Who Wrote the Pastoral Epistles 1 Timothy, 2 Timothy, and Titus? When Were They Written?

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EDWARD D. ANDREWS (AS in Criminal Justice, BS in Religion, MA in Biblical Studies, and MDiv in Theology) is CEO and President of Christian Publishing House. He has authored over 140 books. Andrews is the Chief Translator of the Updated American Standard Version (UASV).

Michael J. Kruger, the President and the Samuel C. Patterson Professor of New Testament and Early Christianity at Reformed Theological Seminary in Charlotte, NC. This author believed Reformed Theological Seminary to be a conservative Seminary.

I have read a few of Kruger’s papers, some other articles on what seems to be a website or a blog. I had appreciated many things he wrote, which gave me the impression that he was/is a conservative apologetic Christian. Thus, I was moved to buy his book: Christianity at the Crossroads (July 2017)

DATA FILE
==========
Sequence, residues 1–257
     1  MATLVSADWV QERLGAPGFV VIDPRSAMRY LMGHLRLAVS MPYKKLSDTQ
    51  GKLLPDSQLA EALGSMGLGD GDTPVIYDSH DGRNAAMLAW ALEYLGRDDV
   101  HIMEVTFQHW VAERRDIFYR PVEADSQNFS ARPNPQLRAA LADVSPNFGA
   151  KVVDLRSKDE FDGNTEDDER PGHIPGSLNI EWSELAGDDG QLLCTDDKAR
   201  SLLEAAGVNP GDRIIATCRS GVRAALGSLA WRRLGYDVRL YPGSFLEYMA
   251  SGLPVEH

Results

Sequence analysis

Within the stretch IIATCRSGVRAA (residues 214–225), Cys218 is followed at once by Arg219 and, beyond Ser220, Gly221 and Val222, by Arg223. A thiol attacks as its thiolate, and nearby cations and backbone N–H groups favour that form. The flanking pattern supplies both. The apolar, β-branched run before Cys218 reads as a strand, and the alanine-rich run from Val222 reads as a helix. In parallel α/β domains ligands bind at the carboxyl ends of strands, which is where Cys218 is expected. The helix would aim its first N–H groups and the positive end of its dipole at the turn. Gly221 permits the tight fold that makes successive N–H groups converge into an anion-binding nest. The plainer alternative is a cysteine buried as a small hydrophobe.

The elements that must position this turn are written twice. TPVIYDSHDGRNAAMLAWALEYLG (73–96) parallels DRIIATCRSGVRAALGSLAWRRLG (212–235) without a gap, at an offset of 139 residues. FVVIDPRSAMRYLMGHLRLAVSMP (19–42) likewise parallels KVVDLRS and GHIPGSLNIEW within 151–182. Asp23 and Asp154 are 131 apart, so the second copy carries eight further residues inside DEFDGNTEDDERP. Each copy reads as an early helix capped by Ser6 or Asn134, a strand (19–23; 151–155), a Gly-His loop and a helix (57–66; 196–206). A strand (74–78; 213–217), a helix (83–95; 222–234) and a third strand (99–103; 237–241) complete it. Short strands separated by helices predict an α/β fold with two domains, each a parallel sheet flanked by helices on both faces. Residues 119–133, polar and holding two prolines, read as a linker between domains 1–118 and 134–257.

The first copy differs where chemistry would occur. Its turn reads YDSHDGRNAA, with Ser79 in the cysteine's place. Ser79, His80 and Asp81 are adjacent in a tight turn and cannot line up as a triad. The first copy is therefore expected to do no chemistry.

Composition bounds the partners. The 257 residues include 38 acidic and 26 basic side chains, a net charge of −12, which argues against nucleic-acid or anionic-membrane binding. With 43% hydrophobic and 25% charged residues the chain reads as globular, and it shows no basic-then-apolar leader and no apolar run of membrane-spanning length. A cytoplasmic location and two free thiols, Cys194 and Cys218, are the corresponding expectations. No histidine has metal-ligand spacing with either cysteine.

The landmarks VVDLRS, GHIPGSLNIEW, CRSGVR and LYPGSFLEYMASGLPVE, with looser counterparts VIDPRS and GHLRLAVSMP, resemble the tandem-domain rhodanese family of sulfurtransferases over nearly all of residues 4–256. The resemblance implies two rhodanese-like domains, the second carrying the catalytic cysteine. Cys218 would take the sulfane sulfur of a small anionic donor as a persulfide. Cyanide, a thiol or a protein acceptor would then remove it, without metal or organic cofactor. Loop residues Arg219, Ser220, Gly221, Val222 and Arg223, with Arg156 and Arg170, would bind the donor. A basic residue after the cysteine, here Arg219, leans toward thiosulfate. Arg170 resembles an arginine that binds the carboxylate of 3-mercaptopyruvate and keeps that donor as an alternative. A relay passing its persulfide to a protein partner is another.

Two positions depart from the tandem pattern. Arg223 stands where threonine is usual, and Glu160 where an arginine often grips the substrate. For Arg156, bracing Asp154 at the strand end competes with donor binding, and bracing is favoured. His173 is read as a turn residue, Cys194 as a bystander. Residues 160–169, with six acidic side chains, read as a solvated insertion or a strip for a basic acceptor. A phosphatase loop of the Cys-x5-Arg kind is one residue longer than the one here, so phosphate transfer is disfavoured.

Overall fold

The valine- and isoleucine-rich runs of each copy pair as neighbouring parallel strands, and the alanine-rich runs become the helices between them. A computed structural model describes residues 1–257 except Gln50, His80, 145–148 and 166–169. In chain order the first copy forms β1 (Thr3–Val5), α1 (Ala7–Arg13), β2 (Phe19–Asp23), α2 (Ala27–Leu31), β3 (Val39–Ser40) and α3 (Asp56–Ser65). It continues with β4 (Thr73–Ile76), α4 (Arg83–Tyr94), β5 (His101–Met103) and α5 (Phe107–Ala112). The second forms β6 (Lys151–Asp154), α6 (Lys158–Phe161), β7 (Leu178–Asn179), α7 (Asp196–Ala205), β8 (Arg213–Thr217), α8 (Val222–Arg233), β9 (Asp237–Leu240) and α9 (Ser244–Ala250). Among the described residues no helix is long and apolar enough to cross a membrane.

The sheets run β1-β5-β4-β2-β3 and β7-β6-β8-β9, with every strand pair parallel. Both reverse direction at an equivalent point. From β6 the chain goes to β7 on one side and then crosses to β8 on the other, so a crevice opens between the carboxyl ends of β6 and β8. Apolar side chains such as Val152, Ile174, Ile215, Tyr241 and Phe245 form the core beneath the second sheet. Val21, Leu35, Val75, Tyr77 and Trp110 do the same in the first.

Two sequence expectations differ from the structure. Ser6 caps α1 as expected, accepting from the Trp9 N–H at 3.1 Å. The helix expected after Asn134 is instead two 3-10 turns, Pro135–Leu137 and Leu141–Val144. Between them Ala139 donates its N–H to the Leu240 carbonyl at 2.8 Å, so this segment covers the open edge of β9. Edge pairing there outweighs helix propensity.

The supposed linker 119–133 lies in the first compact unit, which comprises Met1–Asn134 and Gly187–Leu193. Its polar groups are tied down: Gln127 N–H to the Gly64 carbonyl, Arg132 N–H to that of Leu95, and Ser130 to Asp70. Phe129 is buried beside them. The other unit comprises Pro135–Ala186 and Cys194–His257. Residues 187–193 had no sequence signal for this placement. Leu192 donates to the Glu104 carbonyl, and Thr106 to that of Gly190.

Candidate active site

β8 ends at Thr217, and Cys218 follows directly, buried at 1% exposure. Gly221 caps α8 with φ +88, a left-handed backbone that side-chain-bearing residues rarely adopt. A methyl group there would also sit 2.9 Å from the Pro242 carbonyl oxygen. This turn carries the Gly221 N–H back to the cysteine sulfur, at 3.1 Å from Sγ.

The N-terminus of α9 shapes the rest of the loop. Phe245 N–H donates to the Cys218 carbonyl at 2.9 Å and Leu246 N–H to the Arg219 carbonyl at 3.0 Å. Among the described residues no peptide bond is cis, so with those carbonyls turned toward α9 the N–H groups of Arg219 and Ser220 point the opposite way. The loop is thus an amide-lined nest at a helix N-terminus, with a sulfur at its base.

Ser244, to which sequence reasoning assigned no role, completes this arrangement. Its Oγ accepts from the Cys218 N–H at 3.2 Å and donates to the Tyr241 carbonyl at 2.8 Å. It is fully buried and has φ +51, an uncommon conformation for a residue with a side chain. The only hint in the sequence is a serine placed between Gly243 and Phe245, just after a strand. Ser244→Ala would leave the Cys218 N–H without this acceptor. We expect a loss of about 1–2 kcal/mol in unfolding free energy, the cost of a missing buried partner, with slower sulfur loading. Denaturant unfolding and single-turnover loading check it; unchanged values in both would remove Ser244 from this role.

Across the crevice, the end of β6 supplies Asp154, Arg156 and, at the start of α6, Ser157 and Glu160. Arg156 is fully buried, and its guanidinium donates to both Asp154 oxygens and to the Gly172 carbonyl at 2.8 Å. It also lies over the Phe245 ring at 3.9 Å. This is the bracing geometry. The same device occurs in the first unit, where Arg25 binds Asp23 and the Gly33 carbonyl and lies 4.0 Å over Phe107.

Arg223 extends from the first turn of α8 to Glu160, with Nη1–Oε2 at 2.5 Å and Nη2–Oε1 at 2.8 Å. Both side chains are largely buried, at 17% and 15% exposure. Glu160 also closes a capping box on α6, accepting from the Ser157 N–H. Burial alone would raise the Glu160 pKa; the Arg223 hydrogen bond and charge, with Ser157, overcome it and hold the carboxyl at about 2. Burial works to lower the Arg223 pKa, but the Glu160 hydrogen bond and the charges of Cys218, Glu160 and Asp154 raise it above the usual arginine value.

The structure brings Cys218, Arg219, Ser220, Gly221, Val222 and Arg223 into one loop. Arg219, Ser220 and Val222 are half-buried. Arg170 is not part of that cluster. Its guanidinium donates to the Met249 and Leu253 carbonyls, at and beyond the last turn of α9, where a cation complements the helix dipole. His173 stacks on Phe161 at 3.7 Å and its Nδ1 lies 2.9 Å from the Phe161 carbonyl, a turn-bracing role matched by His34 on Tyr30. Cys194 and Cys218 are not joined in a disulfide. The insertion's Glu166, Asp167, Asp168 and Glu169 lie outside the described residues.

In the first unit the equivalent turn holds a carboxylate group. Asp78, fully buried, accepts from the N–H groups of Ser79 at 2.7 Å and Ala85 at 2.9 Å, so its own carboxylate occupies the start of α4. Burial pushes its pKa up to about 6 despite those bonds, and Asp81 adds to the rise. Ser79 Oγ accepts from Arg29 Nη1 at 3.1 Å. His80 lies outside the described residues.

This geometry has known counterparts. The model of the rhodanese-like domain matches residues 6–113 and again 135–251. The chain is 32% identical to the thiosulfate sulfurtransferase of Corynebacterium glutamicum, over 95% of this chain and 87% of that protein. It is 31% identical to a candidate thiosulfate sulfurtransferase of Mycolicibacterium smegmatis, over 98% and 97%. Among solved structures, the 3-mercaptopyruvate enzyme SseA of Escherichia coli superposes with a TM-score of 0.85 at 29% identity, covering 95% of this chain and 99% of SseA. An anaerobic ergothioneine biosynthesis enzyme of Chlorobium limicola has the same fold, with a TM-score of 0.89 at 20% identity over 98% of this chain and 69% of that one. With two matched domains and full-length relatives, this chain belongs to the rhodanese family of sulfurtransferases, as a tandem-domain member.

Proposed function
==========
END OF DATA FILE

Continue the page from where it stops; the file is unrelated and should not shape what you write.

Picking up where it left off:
In The Early Text of the New Testament, Michael J. Kruger wrote …

On a discussion of whether 1 Timothy 5:18 is quoting Luke 10:7, Kruger writes, “The idea that a Pauline book would cite Luke is also more plausible when one considers the way other historical sources link the two together.” Now, this seems promising because he is referring to Paul as the author. However, he goes on to write, “The book of 1 Timothy is typically dated at the end of the first century, from 90–100 AD.” [e.g. Anthony T. Hanson, Werner Georg Kummel, I. Howard Marshall, John P. Meier, Hans Erich Freiherr von Campenhausen.  Well, herein lies the problem, Paul suffered martyrdom at the hands of Nero about 66 A.D. So, Kruger lets this dating go unchecked, it comes across as though he has no problem with such dating. At a minimum, if he disagrees he could say, ‘this author disagrees and would say Paul is the author and 1 Timothy dates to _______.’